We've weathered the worst. Pitchers and catchers have reported. Punxsutawney Phil has cleared the way for spring to begin as scheduled—it's just one month away, people. Maybe this doesn't matter if you call SoCal or the North Shore your home, but for the rest of us in the northern climes, the long winters tend to gnaw at the raw edges of sanity. Let's just say it's going to be close.
A good strategy for weathering this stretch is to begin plotting your summer adventures—and now is the time for high ambition. How about surfing? This won't be the first time I've tried it, but I plan to be better prepared, physically and mentally. I will visualize success. But since all the visualizing can be exhausting (and it's still really cold), I'll start with a little reading. Here are a handful of books that will start the journey from bogus to... slightly less bogus.
We'll begin with the essentials. If David McCullough surfed, he'd likely be Matt Warshaw; no other writer has explored the sport as the author The Encyclopedia of Surfing, Maverick's, and The History of Surfing—500 obsessive and authoritative pages of words and rare photographs chronicling surfing culture, past and present. Just as most Krakauer fans have yet to climb Everest (guilty), you don't need to surf in order to appreciate Warshaw's books.
Is there such thing as an armchair surfer? Maybe geography, responsibilities, or galeophobia have conspired to keep you out of the water, but none of that matters: Get yourself a balance board trainer, fire up some North Shore videos, and dig the puka shells out of that one drawer you don't look in. Get your mind right and start living like a Force of Nature. Surfing legend Laird Hamilton—master of the big waves and radiator of supreme health—lays down his principles for health and happiness on- and off-shore: balance is everything, quality bests quantity, and mindfulness rules. LIVE LIKE LAIRD!
Would you believe me if I told you that the winner of the 2016 Pulitzer Prize for Autobiography is a nearly 500-page book about a quest to find the perfect wave? And that the award was completely deserved? Raised a surfer in Hawaii and Southern California, Finnegan traveled the world searching for secret breaks and moments of transcendence, and his memoir is filled with enthralling recollections of both. A writer for The New Yorker by day, he still manages to find many more days to pursue his lifelong obsession, even in the frigid waters of Long Island winters.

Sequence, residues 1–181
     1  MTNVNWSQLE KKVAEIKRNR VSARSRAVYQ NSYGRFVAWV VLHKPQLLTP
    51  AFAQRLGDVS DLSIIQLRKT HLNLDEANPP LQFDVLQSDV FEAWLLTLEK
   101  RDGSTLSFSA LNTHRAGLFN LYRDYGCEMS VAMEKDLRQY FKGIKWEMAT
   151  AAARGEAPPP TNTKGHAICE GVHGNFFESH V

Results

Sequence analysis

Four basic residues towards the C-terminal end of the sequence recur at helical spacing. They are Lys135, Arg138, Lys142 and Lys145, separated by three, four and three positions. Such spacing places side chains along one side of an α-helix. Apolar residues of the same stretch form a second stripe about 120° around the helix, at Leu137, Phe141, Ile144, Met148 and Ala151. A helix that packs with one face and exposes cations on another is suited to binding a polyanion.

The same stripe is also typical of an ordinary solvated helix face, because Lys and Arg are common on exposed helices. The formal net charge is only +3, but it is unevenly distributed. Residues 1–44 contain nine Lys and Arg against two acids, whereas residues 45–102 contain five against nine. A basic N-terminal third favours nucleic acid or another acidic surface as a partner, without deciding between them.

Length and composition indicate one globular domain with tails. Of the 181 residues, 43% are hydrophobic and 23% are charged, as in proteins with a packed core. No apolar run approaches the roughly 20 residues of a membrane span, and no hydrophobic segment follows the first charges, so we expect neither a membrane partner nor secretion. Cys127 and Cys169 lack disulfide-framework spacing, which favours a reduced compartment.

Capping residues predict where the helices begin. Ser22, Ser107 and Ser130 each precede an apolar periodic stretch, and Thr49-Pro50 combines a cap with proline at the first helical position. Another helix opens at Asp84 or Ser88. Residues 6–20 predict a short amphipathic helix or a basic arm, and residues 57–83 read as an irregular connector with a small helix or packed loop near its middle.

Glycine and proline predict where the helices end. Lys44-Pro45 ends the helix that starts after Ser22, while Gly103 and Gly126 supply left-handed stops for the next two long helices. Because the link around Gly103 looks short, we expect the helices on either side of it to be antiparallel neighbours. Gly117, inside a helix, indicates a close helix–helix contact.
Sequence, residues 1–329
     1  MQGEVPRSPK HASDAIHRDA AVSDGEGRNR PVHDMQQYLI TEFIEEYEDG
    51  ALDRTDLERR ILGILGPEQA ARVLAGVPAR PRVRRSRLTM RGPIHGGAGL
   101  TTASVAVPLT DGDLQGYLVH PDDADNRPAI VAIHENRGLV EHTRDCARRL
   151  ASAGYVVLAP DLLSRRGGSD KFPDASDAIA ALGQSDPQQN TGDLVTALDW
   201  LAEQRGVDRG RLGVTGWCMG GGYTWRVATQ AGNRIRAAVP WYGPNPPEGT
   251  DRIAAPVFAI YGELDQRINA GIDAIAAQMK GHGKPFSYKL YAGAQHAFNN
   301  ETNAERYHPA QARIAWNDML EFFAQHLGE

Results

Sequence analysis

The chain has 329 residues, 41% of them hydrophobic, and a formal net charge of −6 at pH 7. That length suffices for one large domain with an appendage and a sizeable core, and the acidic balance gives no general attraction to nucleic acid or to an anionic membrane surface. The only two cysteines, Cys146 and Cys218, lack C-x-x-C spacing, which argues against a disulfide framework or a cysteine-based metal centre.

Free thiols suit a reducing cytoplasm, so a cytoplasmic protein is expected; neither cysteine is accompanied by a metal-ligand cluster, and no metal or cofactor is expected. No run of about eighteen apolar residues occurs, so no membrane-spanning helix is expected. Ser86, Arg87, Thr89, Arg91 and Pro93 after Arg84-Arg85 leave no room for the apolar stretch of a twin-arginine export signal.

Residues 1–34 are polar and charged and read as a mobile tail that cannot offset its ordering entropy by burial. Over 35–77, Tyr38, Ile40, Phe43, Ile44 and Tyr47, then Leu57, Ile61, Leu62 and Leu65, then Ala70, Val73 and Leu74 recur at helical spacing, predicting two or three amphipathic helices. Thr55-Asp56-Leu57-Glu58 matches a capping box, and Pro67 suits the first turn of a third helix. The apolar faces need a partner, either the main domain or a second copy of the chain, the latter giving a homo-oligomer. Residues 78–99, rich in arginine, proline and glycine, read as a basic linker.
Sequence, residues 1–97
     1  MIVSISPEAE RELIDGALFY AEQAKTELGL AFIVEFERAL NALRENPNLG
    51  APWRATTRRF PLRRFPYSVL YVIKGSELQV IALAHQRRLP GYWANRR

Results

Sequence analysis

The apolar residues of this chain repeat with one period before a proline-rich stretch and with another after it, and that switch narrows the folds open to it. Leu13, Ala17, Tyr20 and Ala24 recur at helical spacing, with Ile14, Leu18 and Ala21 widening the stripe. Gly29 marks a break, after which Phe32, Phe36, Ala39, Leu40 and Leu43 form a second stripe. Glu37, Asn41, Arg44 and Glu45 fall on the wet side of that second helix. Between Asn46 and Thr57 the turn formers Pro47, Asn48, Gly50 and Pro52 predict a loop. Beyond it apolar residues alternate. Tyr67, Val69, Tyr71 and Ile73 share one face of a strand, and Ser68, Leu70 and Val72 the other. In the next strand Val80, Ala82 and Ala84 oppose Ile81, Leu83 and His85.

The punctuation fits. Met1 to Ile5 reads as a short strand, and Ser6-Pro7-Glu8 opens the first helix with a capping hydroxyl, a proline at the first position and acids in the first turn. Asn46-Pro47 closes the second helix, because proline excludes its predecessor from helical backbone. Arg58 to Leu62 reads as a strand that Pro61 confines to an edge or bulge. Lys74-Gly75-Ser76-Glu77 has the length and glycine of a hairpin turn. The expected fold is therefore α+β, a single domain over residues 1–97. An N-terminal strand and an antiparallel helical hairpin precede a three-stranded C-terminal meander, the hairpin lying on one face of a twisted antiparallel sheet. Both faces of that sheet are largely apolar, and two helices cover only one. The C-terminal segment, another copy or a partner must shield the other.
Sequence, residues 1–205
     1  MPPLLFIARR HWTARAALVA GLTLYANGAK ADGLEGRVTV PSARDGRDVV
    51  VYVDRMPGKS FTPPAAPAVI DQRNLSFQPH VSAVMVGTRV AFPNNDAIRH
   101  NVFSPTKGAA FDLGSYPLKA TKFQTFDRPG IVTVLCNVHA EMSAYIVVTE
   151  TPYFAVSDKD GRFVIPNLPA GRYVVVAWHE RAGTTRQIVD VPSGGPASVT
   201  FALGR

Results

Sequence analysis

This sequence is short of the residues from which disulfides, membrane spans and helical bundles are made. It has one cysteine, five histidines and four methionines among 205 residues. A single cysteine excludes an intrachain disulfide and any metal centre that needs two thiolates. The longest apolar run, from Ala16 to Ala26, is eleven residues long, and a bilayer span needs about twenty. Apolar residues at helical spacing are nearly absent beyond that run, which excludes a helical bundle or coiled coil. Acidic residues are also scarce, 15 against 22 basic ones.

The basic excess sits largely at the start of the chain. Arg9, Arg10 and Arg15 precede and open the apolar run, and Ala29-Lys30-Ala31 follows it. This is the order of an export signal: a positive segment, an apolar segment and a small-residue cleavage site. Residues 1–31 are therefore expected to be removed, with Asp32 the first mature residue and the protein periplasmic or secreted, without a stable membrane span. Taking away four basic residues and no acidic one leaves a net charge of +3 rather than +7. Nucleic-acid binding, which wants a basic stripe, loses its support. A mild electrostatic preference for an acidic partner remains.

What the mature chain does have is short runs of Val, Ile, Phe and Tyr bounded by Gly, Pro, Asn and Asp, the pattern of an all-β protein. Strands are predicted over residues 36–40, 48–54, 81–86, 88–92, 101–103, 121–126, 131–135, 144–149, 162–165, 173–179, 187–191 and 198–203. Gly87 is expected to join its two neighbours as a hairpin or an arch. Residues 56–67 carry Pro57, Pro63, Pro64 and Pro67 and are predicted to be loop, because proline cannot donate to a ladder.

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You don't make or manufacture a surf board, you shape it. (At least you used to.) What word could better describe a process as much art as science, the quest to create a perfect interdimensional plane where rider and wave intersect, at once both and neither. What the hell am I going on about? Doesn't matter. But the answer is somewhere in Surf Craft, a gorgeous deep-dive into the aesthetics and evolution of the surf board from its earliest Hawaiian incarnations to modern, mass-produced designs.
Born in Honolulu, Gerry Lopez spent his youth chasing waves on Oahu's North Shore, where he soon became a legend—and champion—for his stylish technique and mastery of tubes such as the Banzai Pipeline. Not content to limit his innovation to the water, Lopez pushed the limits of surfboard technology, developing a line of short, high performance boards, while traveling the world to seek out previously uncharted waves. (He was also in Conan the Barbarian.) Surf Is Where You Find It collects 38 stories of surfing legends, accompanied by his own stunning collection of photos documenting a golden age of sport and culture.
Like Finnegan, Captain Liz Clark was obsessed with riding far-flung waves. She upped the ante when she launched her 40-foot sailboat from Santa Barbara on a solo voyage in search of beauty, meaning, and surf. Of course, it's not always easy. Swell recounts the crests and troughs of her ongoing adventure, and the accompanying images might leave you both jealous of her quest and appreciative of your comfy reading chair at the same time.
Like the "dirtbag" obsessives of Yosemite rock climbing, surfers are famous for their willingness to sacrifice creature comforts in the pursuit of the sport. Surf Shack is Dwell magazine for wave riders, a visual tour of beachside après-surf abodes—trailers, cabins, and beach homes that are as much shrines to sand, sun, and waves as they are living spaces.
[Editor's note: Surfers generally don't live like this.]
More to consider:
- California Surfing and Climbing in the Fifties by Yvon Chouinard
- Surfing: 1778-Today (English) by Jim Heimann
- The California Surf Project by Eric Soderquist
- High Tide: A Surf Odyssey -- Photography by Chris Burkhard by Chris Burkard
- Ghost Wave: The True Story of the Biggest Wave on Earth and the Men Who Challenged It by Chris Dixon
- In Search of Captain Zero: A Surfer's Road Trip Beyond the End of the Road by Allan Weisbecker
You might also like:
- Put This in Your Pipe and Surf It: Images from Surf Is Where You Find It
- An Interview with Matt Warshaw on The History of Surfing
- Swell: A Conversation with Liz Clark
- Go Beyond the Puffy Coat with Patagonia Books
- On the "Inexpressible Feeling" of Skateboarding
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Image at top taken from Surf I Where You Find It by Gerry Lopez (Patagonia Books, 2015)